If you're not understanding why this makes Diablo III so fundamentally different from the previous games, just consider that the loot was more of a bonus than a requirement. Having different builds for different acts and different bosses was a norm and from the first game to its sequel. Diablo III wiped the slate clean and started over, removing what made Diablo's loot important to the series. It's more similar to various other action role-playing games than where it's supposed to be coming from.


I won't dwell too much on this as I covered most of this under the "Diablo to Diablo II" section, but as far as what makes Diablo III feel so different from its previous games is how you are exploring a world in an apocalyptic medieval state with a band of the last remaining saviors on Earth to a setting that's more full of life and world where evil just happens on the outskirts of the city (excluding Act 5 which did manage to fix some of these issues). But even in Act 5, the game has a very high fantasy style than a gothic and scary feeling of demonic presence. The monsters aren't focused on being evil and the world just isn't dark enough. The progression of the first two games had you enter a broken world and stumble into the pits of hell while Diablo III has you stumble into an overrun heaven? Imagine if a new Silent Hill came out and instead of exploring a world that's full of nightmare creatures in an abandoned city or room, you were holding a minigun mowing down criminals in New York. That's not what Silent Hill is, no matter the name.

You can tell the game was created with a different understanding of Diablo by the hidden cow level alone. In Diablo II, the hidden cow level is silly and a joke, but still maintained the darkness of the game by allowing animals to be controlled by demonic forces similar to pigs in the bible being demonically possessed. They didn't understand the joke, similar to how Rian Johnson didn't understand anything about Star Wars. They thought the joke and feel was because it was so silly and they went to the point of making a rainbow themed island full of silliness as their easter egg level and also as a way to acknowledge the fans complaints that the game has a very bright and colorful palette compared to the first two games.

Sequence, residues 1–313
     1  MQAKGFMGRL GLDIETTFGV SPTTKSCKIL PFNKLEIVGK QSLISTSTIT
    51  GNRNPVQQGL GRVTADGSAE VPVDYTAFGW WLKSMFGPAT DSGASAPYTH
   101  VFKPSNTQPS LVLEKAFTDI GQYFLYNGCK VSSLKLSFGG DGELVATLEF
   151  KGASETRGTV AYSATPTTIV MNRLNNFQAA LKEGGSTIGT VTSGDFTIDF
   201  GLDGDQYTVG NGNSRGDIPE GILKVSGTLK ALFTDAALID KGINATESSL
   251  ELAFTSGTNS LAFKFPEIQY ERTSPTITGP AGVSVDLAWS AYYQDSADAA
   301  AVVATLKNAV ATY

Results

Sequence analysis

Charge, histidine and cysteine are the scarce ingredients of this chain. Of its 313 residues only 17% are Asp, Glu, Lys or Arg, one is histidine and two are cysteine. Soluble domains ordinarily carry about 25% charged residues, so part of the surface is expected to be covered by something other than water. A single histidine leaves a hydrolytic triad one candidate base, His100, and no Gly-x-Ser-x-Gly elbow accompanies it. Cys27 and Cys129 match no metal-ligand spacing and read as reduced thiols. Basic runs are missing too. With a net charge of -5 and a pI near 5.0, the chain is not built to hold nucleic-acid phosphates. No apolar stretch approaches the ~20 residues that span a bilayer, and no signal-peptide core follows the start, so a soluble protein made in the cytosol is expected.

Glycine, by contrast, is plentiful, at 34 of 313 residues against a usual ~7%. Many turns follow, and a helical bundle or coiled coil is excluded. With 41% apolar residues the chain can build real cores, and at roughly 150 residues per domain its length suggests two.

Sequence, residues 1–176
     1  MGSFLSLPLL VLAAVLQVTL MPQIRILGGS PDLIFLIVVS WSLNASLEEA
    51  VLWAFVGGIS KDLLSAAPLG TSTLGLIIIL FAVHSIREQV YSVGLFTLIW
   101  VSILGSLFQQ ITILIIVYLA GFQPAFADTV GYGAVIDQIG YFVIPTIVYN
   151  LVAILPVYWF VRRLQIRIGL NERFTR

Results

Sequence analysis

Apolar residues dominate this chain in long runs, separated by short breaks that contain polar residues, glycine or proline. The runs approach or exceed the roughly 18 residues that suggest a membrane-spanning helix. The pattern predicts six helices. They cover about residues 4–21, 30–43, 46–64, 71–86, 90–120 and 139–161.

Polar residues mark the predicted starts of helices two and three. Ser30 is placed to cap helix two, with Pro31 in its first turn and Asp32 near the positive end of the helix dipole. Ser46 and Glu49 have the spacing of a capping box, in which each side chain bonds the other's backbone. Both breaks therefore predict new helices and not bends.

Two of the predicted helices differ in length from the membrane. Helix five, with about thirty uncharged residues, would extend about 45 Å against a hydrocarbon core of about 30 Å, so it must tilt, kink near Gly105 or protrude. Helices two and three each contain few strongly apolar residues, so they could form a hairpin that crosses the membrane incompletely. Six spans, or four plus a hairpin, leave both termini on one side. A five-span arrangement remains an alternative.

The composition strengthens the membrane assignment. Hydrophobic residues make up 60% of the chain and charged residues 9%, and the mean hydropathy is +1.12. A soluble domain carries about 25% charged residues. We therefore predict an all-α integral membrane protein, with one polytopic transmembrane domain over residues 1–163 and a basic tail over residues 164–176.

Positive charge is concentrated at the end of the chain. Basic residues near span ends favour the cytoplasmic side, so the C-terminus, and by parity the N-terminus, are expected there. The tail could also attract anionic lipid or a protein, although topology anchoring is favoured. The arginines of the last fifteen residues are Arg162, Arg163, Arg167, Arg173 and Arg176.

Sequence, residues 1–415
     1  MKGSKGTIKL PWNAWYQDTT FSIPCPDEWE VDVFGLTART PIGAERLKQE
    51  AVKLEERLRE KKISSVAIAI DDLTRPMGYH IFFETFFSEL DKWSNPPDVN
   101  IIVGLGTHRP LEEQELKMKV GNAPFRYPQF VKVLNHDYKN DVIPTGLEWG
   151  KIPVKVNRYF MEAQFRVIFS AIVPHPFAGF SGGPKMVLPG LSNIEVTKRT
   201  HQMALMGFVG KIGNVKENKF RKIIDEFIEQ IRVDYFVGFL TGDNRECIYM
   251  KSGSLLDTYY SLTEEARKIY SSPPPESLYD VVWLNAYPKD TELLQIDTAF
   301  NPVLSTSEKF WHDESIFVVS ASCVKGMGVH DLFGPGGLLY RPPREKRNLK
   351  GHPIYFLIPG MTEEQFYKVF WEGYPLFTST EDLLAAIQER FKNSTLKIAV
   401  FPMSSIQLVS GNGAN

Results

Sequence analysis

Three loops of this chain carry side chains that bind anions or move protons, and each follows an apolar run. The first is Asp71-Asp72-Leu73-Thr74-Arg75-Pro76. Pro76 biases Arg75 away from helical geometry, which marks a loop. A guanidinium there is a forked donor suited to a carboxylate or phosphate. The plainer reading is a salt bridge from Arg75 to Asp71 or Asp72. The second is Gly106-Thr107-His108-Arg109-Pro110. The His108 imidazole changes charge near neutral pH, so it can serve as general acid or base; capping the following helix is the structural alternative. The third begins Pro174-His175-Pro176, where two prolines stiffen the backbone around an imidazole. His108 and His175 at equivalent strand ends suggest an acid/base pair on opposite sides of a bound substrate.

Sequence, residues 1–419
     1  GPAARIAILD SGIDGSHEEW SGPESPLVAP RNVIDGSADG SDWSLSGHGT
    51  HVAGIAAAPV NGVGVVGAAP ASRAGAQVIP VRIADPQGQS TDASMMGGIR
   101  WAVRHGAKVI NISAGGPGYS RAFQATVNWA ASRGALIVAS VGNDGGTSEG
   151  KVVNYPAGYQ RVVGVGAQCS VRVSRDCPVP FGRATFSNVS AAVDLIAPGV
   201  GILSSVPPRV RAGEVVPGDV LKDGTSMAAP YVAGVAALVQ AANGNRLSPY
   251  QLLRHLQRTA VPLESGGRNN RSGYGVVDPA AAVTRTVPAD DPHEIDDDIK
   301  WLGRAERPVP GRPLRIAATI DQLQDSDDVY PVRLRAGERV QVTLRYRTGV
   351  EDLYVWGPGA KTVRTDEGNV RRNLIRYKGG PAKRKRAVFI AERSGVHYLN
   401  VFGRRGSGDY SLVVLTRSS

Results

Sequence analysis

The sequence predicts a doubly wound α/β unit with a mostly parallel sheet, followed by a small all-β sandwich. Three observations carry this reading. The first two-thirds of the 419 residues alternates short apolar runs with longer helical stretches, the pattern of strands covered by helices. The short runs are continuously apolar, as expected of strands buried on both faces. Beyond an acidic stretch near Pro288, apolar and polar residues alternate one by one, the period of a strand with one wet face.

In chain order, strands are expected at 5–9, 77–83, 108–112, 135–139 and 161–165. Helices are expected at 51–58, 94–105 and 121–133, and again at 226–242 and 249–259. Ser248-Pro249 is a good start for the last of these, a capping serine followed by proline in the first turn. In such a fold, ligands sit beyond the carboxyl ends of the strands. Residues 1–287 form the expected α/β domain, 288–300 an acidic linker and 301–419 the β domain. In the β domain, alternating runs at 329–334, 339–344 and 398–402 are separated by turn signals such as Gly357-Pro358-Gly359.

The art direction also feels closer to Torchlight in this genre than Diablo. The cartoonish look and feel of everything, the polished abandoned tombs and buildings, the sleek and clean look of the overrun cities have little to no resemblance to the original games. To beat a dead horse, it's because the tone of the game changed from a gothic medieval fantasy game to a high fantasy World of Warcraft-lite game. I mean, it's so ridiculous that a colorful purple butterfly woman kills Deckard Cain right at the beginning.

And speaking of Cain, the amount of forced nostalgia they brought into the game is overwhelming. It feels like they brought a lot of these greatest hits over to remind players that this is a Diablo game, because certainly the gameplay and art direction wasn't going to do it. One of the first bosses you fight is the Skeleton King, which doesn't really make a lot of sense outside of the nostalgia. Same with the Butcher, which is another boss that they couldn't truly nail. It doesn't make any sense to kill the Butcher as he dies in the first game. It was clearly brought back to appeal to the old fans and introduce him to new fans. But they managed to completely mess him up because as I mentioned above, walking on the Butcher the first time was terrifying. He's chopping up bodies, he's bigger than the other enemies you've faced, and he's just sitting in a room that you can miss if you're not exploring. It's a scary moment the first time. Now? He's just a boss you rush through to get to the next area. That spirit is missing.